Developing an approach utilizing local deterministic analysis to predict the cycle friction of the piston ring-pack in internal combustion engines
Author(s)Liu, Yang, Ph. D. Massachusetts Institute of Technology
Massachusetts Institute of Technology. Department of Mechanical Engineering.
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Nowadays, a rapid growth of internal combustion (IC) engines is considered to be a major contributor to energy crisis. About 20% of the mechanical loss in internal combustion engines directly goes to the friction loss between piston ring pack and liner finish. A twin-land oil control ring (TLOCR) deterministic model was developed by Chen et al. and it helps the automotive companies investigate the effects of liner finish, rings, and lubricants on friction and oil control of the TLOCR . This work focuses on application of the TLOCR model and extension of the deterministic model to the top two rings. First, there are some practical challenges in the application of Chen's TLOCR deterministic model. Due to different wear condition on the same liner, surface roughness varies from spot to spot. A small patch of measurement cannot provide enough information and the change of plateau roughness makes the contact model unreliable. As a result, a multi-point correlation method was proposed to combine the information of different spots from the same liner and this method was shown to give better match to the experimental results. A top-two-ring lubrication cycle model was developed based on the multiphase deterministic model by Li. et al  and previous top-two-ring lubrication model by Chen. Et al . The model is composed with two parts. First, the deterministic model is used to generate a correlation between the hydrodynamic pressure/friction and the minimum clearance with prescribed oil supply from the deterministic oil control ring model. It was found that within reasonable accuracy, the gas pressure effect on the hydrodynamic lubrication of the top two rings can be decoupled from the hydrodynamic lubrication. Thus, only single-phase deterministic model was needed to generate the correlation. This decoupling significantly reduces the computation time. Then, a cycle model was developed utilizing the correlation of hydrodynamic pressure/friction and the minimum clearance. The cycle model considers the effect of gas pressure variations in different ring pack regions as well as the dynamic twist of the top two rings. Finally, the models were used to examine the friction and lubrication of three different liner finishes in an actual engine running cycle.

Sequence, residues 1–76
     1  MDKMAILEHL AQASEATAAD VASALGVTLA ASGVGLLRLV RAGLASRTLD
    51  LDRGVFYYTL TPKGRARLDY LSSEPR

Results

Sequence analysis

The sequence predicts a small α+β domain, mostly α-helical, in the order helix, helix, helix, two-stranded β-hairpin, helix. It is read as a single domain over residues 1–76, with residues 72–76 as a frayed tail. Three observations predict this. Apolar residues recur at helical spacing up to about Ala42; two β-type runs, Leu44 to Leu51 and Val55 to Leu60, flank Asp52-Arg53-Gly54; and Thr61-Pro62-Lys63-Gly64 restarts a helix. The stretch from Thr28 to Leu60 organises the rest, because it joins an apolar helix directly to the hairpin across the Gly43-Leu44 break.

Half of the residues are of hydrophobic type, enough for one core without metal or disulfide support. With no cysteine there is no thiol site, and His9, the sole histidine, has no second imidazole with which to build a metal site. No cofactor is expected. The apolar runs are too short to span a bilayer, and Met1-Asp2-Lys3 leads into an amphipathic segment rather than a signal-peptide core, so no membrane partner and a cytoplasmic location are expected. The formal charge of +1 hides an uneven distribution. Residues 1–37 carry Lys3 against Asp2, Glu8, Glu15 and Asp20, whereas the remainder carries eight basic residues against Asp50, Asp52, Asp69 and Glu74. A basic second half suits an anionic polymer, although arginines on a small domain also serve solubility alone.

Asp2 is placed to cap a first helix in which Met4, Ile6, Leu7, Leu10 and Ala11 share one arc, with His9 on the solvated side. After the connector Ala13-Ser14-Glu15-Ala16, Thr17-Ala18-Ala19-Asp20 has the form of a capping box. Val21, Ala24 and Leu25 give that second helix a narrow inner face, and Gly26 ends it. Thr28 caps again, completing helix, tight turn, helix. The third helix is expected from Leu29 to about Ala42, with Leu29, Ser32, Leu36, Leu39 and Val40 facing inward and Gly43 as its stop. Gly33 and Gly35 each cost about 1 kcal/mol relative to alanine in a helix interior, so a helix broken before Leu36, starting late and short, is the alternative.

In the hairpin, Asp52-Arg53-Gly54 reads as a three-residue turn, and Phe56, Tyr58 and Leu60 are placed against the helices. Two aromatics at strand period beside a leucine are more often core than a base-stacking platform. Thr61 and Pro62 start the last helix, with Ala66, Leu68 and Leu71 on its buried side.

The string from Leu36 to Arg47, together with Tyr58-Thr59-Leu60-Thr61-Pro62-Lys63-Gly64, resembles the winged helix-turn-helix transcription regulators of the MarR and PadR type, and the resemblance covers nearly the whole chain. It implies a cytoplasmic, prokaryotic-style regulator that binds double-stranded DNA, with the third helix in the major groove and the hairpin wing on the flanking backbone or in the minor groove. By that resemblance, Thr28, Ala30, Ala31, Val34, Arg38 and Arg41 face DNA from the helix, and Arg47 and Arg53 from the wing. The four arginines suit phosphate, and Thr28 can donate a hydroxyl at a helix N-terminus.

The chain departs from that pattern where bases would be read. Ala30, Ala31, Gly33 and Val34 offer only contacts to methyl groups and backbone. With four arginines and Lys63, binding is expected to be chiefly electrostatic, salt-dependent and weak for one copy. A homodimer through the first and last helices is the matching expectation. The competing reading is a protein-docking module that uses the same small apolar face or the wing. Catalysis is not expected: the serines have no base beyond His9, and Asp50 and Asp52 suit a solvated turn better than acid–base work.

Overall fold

Thesis (S.M.)--Massachusetts Institute of Technology, Dept. of Mechanical Engineering, 2013.Cataloged from PDF version of thesis.Includes bibliographical references (p. 107-109).
DepartmentMassachusetts Institute of Technology. Department of Mechanical Engineering.
Massachusetts Institute of Technology